• Mike
    2018-11-16 19:14

    I don't usually enjoy books with protagonists I don't like. And I don't like Nobody much at all (which is a lot less Southern dialect than it sounds, when you're talking about this book, since the protagonist is, often confusingly, called Nobody). I can see why his wife was happier in a world where he didn't exist. He treats women badly, he's lazy and unmotivated, he makes inappropriate jokes, he doesn't demonstrate a lot of ability to care about anyone but himself, or, if he does care, to care unselfishly. Nobody, paradoxically enough, is a kind of American Everyman. His moral decisions reflect this. Yes, he's the only character who seems to care about preventing the bombing of hundreds of kids (a tick in the Hero column, though he doesn't take any personal risk in saving them). But his solution to moral dilemmas is the same throughout: kill someone. In this he's not a lot different from the various flavours of villains and psychos who battle it out throughout the book, except in terms of scale.The book is beautifully well-written, and Nobody's quips, however inappropriate, are genuinely funny. That's why I've given the third star. But I dislike the moral universe of Nobody intensely, and I definitely won't be reading the sequel, which centres around two anarchic psycho supervillains.If antiheroes are fine with you, though, by all means get this book. The author writes very well.

  • Joel
    2018-11-16 03:26

    The action in "Nobody Gets the Girl" was enjoyable, and and the setting was believable (for a world with superheros). However, I found the characterization somewhat choppy. Early on, it's established that Nobody can be seen, but only in a way that conforms to people's expectations. Things he's manipulating can sort of be seen (people see things he's drooped or thrown, but not things he's holding). Yet he never tries to dress up in full motorcycle gear and drive out on onto the road where people would certainly expect to see motorcycles and motorcyclists. Would this render him broadly tangible? Maybe, maybe not. But you'd think he'd give the experiment a shot. There are other, more important, "I don't think you'd really do that" moments in the book.It would also have been nice (for me and perhaps only me) if the resolution of the central theme had been more clear. Without giving too much away, I think I can say it eventually becomes clear that there are multiple ways for a powerful person to "help" other people. None of the ways seems to be "right", and then the book ends.After all that complaining, let me just reiterate: I did enjoy the book. It's a fun quick read, and since it's a small press novel it can be purchased quite cheaply.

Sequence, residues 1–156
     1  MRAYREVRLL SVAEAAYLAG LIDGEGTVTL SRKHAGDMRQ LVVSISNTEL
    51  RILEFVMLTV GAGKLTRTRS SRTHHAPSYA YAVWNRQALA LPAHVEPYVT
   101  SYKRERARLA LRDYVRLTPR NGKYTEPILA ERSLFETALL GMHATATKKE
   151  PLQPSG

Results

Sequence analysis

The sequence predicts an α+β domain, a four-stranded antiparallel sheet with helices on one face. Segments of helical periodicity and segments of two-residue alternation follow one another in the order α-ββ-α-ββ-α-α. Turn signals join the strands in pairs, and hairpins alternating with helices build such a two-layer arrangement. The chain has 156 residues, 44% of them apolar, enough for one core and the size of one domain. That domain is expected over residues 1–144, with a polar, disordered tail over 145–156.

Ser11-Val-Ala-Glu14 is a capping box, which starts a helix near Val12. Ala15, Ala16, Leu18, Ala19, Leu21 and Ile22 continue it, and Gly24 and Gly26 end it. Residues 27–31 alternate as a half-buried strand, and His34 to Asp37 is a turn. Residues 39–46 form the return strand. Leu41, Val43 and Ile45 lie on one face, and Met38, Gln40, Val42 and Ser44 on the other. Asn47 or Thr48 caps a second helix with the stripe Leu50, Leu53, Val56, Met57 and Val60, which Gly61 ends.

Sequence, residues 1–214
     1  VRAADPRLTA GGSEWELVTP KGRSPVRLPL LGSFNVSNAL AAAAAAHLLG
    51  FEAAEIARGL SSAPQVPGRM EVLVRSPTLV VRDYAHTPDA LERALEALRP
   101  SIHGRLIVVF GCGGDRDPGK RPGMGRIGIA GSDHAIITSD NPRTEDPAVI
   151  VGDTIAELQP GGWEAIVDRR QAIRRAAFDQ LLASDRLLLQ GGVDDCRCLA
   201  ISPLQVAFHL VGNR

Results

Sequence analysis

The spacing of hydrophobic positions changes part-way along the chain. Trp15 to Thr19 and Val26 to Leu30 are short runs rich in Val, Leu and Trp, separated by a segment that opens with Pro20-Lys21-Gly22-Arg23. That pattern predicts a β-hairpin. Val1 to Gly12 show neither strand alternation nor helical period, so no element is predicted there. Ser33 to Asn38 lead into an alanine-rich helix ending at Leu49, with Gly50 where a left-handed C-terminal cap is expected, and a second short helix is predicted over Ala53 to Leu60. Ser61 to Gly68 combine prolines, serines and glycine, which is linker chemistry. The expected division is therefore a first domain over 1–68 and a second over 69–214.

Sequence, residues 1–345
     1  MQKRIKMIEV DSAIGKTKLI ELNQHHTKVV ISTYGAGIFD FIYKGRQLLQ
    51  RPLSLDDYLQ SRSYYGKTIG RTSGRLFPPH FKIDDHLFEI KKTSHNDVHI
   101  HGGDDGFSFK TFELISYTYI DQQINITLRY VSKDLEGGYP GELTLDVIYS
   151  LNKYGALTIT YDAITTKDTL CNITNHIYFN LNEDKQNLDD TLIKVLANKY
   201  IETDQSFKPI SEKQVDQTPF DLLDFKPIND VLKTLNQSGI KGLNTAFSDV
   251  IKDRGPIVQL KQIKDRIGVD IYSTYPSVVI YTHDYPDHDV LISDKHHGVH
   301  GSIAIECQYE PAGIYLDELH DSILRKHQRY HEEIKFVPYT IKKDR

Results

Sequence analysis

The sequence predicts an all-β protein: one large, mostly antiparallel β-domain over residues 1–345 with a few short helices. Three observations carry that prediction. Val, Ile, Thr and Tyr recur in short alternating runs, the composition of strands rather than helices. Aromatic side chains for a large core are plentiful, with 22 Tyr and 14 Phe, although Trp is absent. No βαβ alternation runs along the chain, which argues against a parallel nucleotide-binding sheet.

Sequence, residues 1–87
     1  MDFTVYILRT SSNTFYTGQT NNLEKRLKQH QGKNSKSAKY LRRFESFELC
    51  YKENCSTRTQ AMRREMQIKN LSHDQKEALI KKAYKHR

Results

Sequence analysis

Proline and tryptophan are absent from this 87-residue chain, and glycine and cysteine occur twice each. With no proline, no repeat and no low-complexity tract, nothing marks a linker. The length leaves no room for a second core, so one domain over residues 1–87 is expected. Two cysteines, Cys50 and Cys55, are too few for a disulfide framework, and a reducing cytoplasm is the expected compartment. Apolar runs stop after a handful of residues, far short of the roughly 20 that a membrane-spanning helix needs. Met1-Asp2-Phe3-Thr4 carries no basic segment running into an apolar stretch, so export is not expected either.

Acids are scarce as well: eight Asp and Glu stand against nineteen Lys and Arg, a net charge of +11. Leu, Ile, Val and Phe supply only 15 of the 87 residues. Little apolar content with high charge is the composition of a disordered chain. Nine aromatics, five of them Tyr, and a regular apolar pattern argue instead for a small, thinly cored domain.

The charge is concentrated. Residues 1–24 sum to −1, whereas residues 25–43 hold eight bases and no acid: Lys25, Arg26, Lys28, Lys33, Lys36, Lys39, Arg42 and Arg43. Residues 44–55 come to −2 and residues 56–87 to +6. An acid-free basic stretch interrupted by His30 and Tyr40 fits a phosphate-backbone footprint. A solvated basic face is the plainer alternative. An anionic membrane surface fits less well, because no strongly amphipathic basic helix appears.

• Eric
    2018-10-22 23:14

    Richard Rogers has a problem. He was never born.He was a office professional, and part time comic, until one day he woke up and someone else was living in his house, his parents had never heard of him, and no one could see him. Time travel is such a pain.The man who accidentally wiped out his life shows up to apologize, and offer him a job. Since the time traveler is the only person who seems to be able to see or hear him, Richard goes along. Before long he's Nobody, invisible warrior in the struggle against the super villain Rex Monday.I have a weakness for superhero novels, and this one was no exception. It was a fun read, for the most part, and I'll be picking up the next book in the series one of these days. The super hero parts were very well crafted - over the top, physics defying powers; absurd schemes; villains that combined the terrifying and the absurd. The interpersonal relationships and characterization was quite a bit weaker, IMO, which is what really dragged down the rating.All in all, an enjoyable book, but don't expect great literature.